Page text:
A Step-by-Step Guide on How to Respond to a Casting Call by Email.
Today's digital world has made it easier for actors to contact casting directors and apply for a role directly.
You can easily find casting calls throughout the web and social media and apply for that role via Email.
Below is a step-by-step guide on how to respond to a casting call by Email and things you can do to improve your chances of getting cast:
Research and Thoroughly Read the Breakdown of the Role
Before you submit your resume and Headshot, research what the production company is searching for and thoroughly read the role breakdown.
Ensure you are the perfect fit, as they will clearly describe the type of person they are looking for and the filming dates.
Do not apply to something you do not fit the description for. Casting directors must filter through thousands of headshots and resumes, and submitting your information to something that does not apply to you makes their job more difficult.
If you fit the casting requirement well, follow the posting instructions.
The easiest way to ensure that your submission is immediately dismissed is by ignoring the instructions in the casting notice.
So carefully read and follow the instructions on the notice or posting.
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Address the Subject Line With the Name of the Character or Position You Are Applying for Along With Your Name
In the subject line of your Email — unless you are told otherwise — put the name of the character you are submitting for, along with your name. Perhaps like this: "Submission for the role of KATNISS (Joy S. Meyer)."
Properly Address the Email:
When the casting call includes a contact name, make sure you address that person in your Email and use the right gender and correct spelling when doing so, for example, Ms. Doreen Marie Miller.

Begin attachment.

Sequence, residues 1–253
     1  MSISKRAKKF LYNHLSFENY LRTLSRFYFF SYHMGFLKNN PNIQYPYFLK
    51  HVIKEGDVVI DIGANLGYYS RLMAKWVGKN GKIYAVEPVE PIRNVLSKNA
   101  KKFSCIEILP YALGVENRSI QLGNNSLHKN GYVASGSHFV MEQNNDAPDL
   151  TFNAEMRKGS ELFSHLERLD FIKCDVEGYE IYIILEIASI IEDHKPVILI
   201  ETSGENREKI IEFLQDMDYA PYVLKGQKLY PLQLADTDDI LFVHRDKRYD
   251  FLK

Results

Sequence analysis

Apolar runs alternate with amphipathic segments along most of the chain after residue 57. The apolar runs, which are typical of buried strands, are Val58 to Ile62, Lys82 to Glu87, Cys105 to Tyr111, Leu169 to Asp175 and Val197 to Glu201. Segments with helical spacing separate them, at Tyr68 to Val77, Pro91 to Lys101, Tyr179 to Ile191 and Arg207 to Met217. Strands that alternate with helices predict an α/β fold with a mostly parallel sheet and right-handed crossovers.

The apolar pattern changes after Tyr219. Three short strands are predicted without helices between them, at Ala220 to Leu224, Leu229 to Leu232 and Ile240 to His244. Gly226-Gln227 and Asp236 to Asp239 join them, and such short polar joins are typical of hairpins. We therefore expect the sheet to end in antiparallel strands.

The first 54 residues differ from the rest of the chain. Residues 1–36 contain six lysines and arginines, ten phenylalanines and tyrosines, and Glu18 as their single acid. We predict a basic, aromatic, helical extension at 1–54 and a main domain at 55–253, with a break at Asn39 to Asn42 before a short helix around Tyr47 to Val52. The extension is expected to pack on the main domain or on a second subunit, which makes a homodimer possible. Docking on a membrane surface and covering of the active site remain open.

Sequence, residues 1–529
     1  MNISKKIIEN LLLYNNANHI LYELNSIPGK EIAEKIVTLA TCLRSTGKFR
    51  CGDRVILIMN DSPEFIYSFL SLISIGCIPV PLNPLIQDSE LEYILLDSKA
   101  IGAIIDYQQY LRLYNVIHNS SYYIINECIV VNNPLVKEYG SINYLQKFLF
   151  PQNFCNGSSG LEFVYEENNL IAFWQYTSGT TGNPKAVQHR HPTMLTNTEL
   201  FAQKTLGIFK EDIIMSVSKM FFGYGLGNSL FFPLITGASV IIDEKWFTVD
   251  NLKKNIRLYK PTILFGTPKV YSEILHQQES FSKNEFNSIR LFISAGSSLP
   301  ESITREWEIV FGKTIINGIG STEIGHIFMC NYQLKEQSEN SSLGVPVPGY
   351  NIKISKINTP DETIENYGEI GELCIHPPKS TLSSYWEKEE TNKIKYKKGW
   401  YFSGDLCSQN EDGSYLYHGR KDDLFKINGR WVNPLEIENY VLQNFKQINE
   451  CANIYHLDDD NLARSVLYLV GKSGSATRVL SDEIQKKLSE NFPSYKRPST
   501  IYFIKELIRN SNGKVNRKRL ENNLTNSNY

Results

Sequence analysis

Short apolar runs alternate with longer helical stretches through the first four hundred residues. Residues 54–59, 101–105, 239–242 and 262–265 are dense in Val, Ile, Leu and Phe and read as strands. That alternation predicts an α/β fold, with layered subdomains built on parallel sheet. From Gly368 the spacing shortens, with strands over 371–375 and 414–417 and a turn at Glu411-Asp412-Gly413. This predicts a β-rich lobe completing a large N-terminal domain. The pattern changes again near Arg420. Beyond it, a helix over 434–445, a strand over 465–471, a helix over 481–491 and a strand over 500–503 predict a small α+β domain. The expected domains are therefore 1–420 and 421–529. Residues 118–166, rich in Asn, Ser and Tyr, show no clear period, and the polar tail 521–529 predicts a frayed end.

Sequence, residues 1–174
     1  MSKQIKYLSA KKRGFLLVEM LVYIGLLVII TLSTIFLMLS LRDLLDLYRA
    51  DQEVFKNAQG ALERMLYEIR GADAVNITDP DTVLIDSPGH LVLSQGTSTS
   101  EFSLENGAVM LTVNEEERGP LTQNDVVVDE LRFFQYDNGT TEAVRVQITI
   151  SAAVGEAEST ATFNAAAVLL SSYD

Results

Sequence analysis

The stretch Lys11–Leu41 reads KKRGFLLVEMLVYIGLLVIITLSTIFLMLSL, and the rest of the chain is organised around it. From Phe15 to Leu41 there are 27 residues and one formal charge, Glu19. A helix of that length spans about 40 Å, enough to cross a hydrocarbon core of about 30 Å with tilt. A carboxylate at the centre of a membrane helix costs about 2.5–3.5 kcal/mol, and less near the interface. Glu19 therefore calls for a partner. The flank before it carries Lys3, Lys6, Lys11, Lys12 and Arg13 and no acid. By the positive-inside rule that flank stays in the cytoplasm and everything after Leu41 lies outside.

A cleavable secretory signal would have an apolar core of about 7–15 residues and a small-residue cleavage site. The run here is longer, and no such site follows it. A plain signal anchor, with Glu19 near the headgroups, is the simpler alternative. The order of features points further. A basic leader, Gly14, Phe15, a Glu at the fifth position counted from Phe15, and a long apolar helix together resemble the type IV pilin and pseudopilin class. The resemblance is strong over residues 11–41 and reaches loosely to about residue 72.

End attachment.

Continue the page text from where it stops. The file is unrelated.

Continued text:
These small details give potential employers a sense of who you will be in a casting session and on set.
Ensure you send this from an address you check often, and if you will be away from Email, provide another means of contact like a cell phone number. At the end of the Email, be sure to include your name and a warm but professional closing, such as "Thank you" or "Best regards."
State the Role(s) That You Are Applying for in the Body of the Email
In the body of the Email, clearly state the role(s) you are applying for and why you would be a perfect fit for the project or what makes you eager to join the production team.
Also, remember to include any details requested in the breakdown, like your weight, height, and size of your shirt, pants, and shoes.
Attach a Headshot and Resume to your Email
Do not send a link to a headshot, resume, website, and so on. Rather, send a digital headshot, which is typically requested and should be 500kb or less in jpg format and viewable in the body of the Email, and your resume in PDF.